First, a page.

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EPoX 8KHA+ Socket A Motherboard (KT266A) review

Epox's latest offering for AMD CPU owners has been built around the VIA KT266a chipset, this newer revision of the chipset is supposed to improve memory performance among other things, first of all here we have some key points for the chipset:

  • Enhanced Memory Controller with Performance Driven Design: Timings have been improved, resulting in faster transfers between the synchronized Front Side Bus and Memory Bus. Also, the new memory controller with Performance Driven Design can burst up to eight Quad Words of data per clock, up from four in previous designs. Data queues have also been deepened, allowing faster and access to buffered data.

  • V-MAP: The VIA Apollo KT266A is part of the family of VIA Modular Architecture Platforms (V-MAP). As a modular solution, the North and South bridge of VIA Apollo KT266A are completely pin compatible with current and future products.

  • High-Speed V-Link Hub Architecture: The VIA Apollo KT266A makes use of VIA's V-Link Hub Architecture, which provides a dedicated 266MB/s bus between the North and South bridge. Less advanced chipsets use the 132MB/s PCI bus as a link, which must be shared with all PCI peripherals.

  • 200/266MHz DDR Front Side Bus Support: Offering up to 2.1GB/s of bandwidth, the 266MHz system bus perfectly complements the high performance DDR memory subsystem and V-Link bus.

  • AGP4X/2X Support: Providing up to 1GB/s in graphics bandwidth with AGP4X technology.

This list contains two important things: the first would be that VIA has finally been able to improve the memory performance of the KT266 with several improvements to the memory controller. Unfortunately VIA is not giving out any more specific details. The other important feature of the KT266A is hidden behind 'V-MAP'. KT266A is fully pin-compatible with its predecessor KT266, which means that you in theory could just solder this chipset onto your current KT266 mainboard and thus get the improvements above...

Unfortunately you will, of course need to go out and buy a new mainboard but since it is pin-compatible with the KT266, motherboard makers can continue to use the PCBs (printed circuit boards) of the previous KT266 boards. This will ensure that prices can be kept relatively low and that shipment can be started very smoothly.

First Impressions

When looking at the actual mainboard you will notice that Epox has finally got rid of all jumpers but two: one of course, is the clear CMOS jumper, and the other one is used to select if you have a 100mhz DDR FSB processor (Duron or 200Mhz T-Bird) or the faster 133mhz version (T-Bird 266Mhz and all Athlon XP CPU's). A minor inconvenience with this jumper is that when you change its setting, the BIOS is automatically reset forcing you to reconfigure all your BIOS settings.

The mainboard is quite large, at 30, 5 x 24,5cm it is just at the limit of the ATX specification, make sure to measure your case so you know that this big boy can fit in there!

Something else most people surely won’t notice is that this board has more screw holes than most other mainboards has, a great thing since I’ve noticed many times when you put in a PCI card the whole mainboard tends to bend for example.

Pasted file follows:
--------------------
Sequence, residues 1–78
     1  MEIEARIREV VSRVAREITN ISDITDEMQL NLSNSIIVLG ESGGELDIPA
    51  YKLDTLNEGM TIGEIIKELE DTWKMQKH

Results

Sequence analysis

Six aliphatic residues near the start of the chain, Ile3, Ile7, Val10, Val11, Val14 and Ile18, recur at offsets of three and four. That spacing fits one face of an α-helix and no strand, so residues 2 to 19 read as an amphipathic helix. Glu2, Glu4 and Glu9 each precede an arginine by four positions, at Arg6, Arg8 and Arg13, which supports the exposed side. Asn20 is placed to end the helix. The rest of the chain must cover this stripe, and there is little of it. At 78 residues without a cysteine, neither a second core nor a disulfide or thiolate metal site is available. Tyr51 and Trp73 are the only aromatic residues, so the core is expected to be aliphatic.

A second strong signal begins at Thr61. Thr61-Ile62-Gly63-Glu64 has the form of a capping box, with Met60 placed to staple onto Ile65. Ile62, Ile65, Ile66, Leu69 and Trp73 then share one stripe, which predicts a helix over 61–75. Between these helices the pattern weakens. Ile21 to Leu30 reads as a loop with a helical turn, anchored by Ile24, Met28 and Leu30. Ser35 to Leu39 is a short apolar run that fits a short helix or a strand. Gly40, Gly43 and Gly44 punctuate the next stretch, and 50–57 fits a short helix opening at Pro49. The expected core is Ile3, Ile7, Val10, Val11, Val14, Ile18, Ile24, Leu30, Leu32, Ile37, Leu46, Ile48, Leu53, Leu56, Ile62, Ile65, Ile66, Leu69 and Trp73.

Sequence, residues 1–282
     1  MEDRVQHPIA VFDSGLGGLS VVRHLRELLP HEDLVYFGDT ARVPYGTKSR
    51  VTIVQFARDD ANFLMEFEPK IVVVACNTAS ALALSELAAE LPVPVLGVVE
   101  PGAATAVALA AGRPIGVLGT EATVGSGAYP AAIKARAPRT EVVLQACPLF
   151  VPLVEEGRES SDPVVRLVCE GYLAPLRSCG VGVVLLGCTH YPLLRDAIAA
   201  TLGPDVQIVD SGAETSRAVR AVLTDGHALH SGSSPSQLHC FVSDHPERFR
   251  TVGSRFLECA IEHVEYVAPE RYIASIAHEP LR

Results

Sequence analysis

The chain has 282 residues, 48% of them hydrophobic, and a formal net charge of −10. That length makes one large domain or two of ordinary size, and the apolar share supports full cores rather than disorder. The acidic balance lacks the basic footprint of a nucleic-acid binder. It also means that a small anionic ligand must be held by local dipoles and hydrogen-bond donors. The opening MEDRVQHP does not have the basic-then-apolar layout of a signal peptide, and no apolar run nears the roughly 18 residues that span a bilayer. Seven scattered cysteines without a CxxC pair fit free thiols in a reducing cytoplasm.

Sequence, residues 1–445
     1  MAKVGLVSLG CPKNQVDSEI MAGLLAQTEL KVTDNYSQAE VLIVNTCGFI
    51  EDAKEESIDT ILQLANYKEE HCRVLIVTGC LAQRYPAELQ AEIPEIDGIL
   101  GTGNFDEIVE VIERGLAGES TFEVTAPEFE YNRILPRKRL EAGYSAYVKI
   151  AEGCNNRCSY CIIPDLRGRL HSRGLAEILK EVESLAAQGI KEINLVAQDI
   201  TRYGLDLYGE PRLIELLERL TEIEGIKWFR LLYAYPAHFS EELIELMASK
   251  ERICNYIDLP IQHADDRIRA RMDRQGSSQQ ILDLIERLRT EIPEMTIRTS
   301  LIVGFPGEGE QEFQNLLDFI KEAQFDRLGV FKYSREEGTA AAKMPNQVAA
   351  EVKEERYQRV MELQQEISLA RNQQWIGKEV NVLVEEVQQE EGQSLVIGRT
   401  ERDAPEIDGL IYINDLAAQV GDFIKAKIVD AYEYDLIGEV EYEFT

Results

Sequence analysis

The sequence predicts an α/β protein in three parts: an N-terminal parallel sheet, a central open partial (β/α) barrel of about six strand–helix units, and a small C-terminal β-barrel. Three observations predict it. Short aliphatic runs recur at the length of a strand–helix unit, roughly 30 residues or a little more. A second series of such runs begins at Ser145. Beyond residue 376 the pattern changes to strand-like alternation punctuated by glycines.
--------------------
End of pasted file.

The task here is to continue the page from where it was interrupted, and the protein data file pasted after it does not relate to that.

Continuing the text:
Epox has also put an “active” heatsink on the 8KHA+’s North Bridge in the form of a small heatsink with a sleeve bearing Cooler Master Fan on top of it. A nice move to keep the temperatures down, but the thermal paste could have been better applied, (see picture below). Though as the crazy overclocker I am, the HSF was later replaced by an all copper Titan TTC-CUV1AB cooler which was quieter, had better looks and offered better cooling. ;-)

You will also notice that the MOSFET's used to supply the mainboard with steady power are located on both sides of the board, three on the front and three on the back, smart move by Epox, which both spreads the heat out more efficiently and gives free room for other components. As a side note the MOSFET's can get up to 60°C, and the IC above them can do 70°C under full load, so you understand why it's a good idea to spread them out...

The ATX power connector delivering power to the MOSFET’s could have been better placed though, while reassuring it’s close to them (and thus offering steady and clean power), it’s not good having to run it above the processor heatsink and reduce its cooling capacity. Buy a few zip ties along with the mainboard to remedy this small inconvenience.

There are a total of three fan connectors of which two of them can be RPM monitored. The first two are right next to the ATX power connector; one for the CPU which can be monitored and the other for case out, the last one is at the bottom right of the mainboard.

The mainboard also features the four holes around the CPU socket required in some high-performance heatsinks like the Alpha 8045 and Swiftech’s MC462. I had no problems installing those heatsinks; there was enough room between the capacitors, though it was a tight fit… It should also be noted that the holes are of the smaller version, and thus you do not need to use the nylon shoulder washers included with the above two mentioned heatsinks.

 



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